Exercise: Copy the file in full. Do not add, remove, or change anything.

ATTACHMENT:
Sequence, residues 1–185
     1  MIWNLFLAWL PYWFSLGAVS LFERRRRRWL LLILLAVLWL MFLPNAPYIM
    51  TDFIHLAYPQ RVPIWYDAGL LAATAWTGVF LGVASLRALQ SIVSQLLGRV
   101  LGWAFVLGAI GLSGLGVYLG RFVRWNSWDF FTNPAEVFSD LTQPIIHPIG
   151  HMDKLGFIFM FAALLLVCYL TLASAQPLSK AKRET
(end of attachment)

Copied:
Sequence, residues 1–185
     1  MIWNLFLAWL PYWFSLGAVS LFERRRRRWL LLILLAVLWL MFLPNAPYIM
    51  TDFIHLAYPQ RVPIWYDAGL LAATAWTGVF LGVASLRALQ SIVSQLLGRV
   101  LGWAFVLGAI GLSGLGVYLG RFVRWNSWDF FTNPAEVFSD LTQPIIHPIG
   151  HMDKLGFIFM FAALLLVCYL TLASAQPLSK AKRET